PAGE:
By: Henry McKenna |
January 5, 2020 12: 10 pm
Mike Vrabel didn’t stop taking notes on Bill Belichick’s football wisdom after the former New England Patriots linebacker left the organization. Even as the Tennessee Titans coach, Vrabel is apparently attentive to what his former coach has to say. It seems one lesson paid off.
Vrabel exploited what Belichick called a “loophole” earlier this season. Belichick used the loophole in a Week 3 blowout over the New York Jets, and he smirked devilishly on the sideline. When Vrabel benefitted from it, Belichick was furious, yelling at officials.
In the final minutes of the Titans’ 20-13 win over the Patriots at Gillette Stadium on Saturday, Tennessee was set to punt after quarterback Ryan Tannehill took a sack with roughly 6: 30 left on the clock in the fourth quarter. But New England wouldn’t get the ball on a punt until 4: 44. How? The Titans intentionally committed a series of penalties (delay of game and offsides) to drain clock. That’s the loophole. Teams can use those penalties to reset the play clock and drain the play clock all the way to the final five minutes of the game, per NFL rules. That’s when officials must stop the clock for a penalty. Then the Patriots’ committed a costly infraction, an encroachment penalty, to bleed the clock even further.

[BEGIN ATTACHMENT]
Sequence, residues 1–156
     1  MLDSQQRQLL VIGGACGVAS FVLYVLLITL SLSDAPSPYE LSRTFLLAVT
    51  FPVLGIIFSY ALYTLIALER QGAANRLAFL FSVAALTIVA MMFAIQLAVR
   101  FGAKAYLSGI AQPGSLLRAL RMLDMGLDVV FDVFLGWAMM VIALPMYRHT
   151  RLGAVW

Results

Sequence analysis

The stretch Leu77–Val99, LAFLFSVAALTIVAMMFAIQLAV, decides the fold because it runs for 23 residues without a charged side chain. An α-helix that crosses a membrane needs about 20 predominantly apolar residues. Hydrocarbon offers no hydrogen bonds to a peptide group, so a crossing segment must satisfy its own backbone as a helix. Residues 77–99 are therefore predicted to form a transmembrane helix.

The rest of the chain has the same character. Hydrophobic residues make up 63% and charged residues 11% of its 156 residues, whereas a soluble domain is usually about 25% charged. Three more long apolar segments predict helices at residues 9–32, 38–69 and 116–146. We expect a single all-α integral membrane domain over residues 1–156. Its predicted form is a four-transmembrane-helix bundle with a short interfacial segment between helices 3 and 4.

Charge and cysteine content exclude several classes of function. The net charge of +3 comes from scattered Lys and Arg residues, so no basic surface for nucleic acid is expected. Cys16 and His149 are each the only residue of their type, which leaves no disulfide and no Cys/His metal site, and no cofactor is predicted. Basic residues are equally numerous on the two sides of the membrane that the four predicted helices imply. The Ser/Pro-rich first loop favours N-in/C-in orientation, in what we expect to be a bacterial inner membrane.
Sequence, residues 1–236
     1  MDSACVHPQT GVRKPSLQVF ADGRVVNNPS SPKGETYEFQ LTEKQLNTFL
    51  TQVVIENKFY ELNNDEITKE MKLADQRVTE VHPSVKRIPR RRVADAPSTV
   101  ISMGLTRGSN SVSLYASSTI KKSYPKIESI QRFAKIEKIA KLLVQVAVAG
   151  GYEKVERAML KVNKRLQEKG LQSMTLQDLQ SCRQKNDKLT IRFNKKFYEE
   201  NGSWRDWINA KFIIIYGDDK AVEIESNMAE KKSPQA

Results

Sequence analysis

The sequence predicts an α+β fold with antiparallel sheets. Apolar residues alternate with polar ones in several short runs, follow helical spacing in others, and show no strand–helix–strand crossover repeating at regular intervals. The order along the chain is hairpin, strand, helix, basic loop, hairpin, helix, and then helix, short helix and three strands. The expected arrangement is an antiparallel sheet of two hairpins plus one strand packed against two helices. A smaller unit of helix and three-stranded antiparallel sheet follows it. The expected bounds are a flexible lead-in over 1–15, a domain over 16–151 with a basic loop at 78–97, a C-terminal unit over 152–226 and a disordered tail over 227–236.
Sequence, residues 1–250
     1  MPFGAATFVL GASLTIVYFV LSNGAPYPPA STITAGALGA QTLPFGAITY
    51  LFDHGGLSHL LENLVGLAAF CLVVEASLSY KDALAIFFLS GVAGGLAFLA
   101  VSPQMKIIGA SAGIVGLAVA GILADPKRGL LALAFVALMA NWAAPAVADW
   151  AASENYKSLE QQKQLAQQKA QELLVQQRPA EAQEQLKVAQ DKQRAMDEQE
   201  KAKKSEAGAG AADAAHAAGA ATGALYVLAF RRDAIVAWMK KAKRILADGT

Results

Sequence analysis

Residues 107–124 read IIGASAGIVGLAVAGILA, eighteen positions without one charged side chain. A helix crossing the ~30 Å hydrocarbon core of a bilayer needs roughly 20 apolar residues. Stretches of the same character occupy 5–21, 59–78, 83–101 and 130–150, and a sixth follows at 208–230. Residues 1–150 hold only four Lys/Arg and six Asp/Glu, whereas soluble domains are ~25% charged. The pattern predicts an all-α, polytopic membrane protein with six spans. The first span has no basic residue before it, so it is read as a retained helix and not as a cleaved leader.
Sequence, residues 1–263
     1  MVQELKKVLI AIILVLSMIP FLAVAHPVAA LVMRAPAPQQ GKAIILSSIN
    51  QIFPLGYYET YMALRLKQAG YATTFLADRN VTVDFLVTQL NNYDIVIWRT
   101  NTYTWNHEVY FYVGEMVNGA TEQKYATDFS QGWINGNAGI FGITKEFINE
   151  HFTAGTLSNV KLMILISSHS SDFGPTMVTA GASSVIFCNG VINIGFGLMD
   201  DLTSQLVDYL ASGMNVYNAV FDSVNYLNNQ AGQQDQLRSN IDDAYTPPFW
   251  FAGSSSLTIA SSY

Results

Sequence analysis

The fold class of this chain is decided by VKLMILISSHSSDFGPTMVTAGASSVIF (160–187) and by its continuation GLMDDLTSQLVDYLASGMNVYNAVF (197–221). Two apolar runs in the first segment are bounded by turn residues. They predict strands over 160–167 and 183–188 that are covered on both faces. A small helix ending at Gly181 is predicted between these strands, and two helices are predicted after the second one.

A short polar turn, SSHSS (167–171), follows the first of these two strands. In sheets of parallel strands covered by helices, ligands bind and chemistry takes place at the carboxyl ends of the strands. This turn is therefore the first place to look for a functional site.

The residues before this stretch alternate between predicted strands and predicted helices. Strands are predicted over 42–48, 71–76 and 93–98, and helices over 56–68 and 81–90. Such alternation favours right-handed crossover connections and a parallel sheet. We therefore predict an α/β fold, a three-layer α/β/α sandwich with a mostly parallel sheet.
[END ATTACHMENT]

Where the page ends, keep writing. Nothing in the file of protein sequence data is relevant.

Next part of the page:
Belichick didn’t want to address the moment during a postgame press conference: “It’s the same thing we’ve talked about before, there’s no change.” On Sunday morning, he clarified his frustration stemmed from how the officials handled the sequence of events, but he wouldn’t say where they went awry. He referred those questions to the NFL. So let’s look back at what Belichick said about the rules on Oct. 22 after beating the Jets.
“No, no. It was just the way the rules are set up,” Belichick said. “We were able to run quite a bit of time off the clock without really having to do anything. It’s a loophole that’ll be closed and probably should be closed. But right now, it’s open.”
Vrabel hasn’t faced questions about the punt, perhaps in part because it proved somewhat inconsequential. Quarterback Tom Brady and the Patriots offense went 3-and-out when they got the ball at 4: 44. Brady touched the ball just once more with nine seconds left, and he threw a pick-six. Would the Patriots’ final drive have been different if they’d had more time? Perhaps.
Prior to the pick-six, it was a one-possession game. Brady couldn’t muster another special comeback — he ran out of time.